Holy God, I pray that we will never overlook the fact that You are Holy, Holy, Holy. I don’t think we really grasp that reality very well here in 2017. Thank You for sending Jesus to purchase holiness for me, so that I can come to You boldly, without fear of the death I deserve. It’s true that Jesus is the only access to the Father. I pray that everyone reading this blog post will receive Him and allow Him to be that bridge between us and You. You are holy. We are not. But because Jesus died on the cross, we don’t have stand 1,000 yards away from You. We can crawl up into Your lap, whisper in Your ear, and know You welcome us with open arms. I love You.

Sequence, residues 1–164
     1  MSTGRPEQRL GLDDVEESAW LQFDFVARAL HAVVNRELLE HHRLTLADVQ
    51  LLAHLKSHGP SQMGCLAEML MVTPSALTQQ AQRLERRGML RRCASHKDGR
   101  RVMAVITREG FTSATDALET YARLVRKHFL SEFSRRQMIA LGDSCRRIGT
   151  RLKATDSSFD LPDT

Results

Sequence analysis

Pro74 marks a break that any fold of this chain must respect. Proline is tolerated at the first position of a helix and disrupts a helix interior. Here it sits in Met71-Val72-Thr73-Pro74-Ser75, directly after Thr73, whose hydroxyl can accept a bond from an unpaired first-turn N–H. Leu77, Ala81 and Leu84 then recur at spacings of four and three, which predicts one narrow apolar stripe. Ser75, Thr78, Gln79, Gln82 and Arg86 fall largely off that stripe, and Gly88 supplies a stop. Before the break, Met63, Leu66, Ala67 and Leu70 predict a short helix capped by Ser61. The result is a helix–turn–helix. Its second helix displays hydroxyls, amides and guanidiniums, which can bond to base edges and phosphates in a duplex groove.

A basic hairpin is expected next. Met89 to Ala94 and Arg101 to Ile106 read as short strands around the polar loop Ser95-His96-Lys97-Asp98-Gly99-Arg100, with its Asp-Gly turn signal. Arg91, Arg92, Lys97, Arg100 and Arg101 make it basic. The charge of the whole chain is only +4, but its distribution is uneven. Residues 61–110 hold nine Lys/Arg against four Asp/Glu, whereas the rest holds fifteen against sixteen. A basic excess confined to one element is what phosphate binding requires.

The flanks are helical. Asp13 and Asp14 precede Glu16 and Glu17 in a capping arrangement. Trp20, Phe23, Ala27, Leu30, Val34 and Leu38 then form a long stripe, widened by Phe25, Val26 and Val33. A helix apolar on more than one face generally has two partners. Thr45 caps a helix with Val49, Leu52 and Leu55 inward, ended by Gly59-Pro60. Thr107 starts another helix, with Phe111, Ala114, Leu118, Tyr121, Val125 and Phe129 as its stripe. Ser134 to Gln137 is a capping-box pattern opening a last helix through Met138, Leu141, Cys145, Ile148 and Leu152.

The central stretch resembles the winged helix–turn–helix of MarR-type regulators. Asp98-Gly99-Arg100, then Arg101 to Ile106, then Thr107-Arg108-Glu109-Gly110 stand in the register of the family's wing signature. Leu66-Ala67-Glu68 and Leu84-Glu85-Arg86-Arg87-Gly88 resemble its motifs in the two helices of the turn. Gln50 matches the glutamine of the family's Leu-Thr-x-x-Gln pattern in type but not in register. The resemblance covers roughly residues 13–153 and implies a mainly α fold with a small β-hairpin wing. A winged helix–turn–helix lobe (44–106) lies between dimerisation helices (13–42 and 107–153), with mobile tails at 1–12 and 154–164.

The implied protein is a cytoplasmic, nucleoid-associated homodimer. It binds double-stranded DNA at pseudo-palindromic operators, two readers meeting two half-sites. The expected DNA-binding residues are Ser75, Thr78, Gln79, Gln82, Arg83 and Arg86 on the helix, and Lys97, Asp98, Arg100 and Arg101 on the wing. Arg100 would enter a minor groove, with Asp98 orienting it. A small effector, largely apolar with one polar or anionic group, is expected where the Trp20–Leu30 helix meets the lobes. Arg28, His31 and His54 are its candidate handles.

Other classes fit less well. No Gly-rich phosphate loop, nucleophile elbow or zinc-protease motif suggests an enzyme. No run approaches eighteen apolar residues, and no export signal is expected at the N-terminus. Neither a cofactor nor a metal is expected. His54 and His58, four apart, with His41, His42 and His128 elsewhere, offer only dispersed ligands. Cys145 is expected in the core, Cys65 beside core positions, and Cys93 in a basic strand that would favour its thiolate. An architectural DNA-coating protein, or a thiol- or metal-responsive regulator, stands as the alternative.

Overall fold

Joshua 2; BC (Before Canaan)

I am a little surprised Joshua sent a couple of spies into Jericho. Didn’t God just tell him he’d be victorious over all the nations of Canaan? Are we to assume Joshua had a bit of doubt, and sent those spies just in case he’d misinterpreted God’s promise? Is Joshua demonstrating a lack of faith?

My old buddy, Mathew Henry, says this is an example of an effective leader making it a point to look through other people’s eyes. I think Joshua sent those spies across the Jordan to help them see for themselves what they were fighting for. They hadn’t heard God’s voice like Joshua had heard it. Maybe Joshua wanted to give them the vision by giving them a sneak peak.

I see Jesus in Joshua. Jesus lived His life, faced temptation and rejection, got tired and sick and hungry, wept when He was sad, not because He needed to understand how it felt to be human. But so we humans could understand He gets us. It was for us He lived.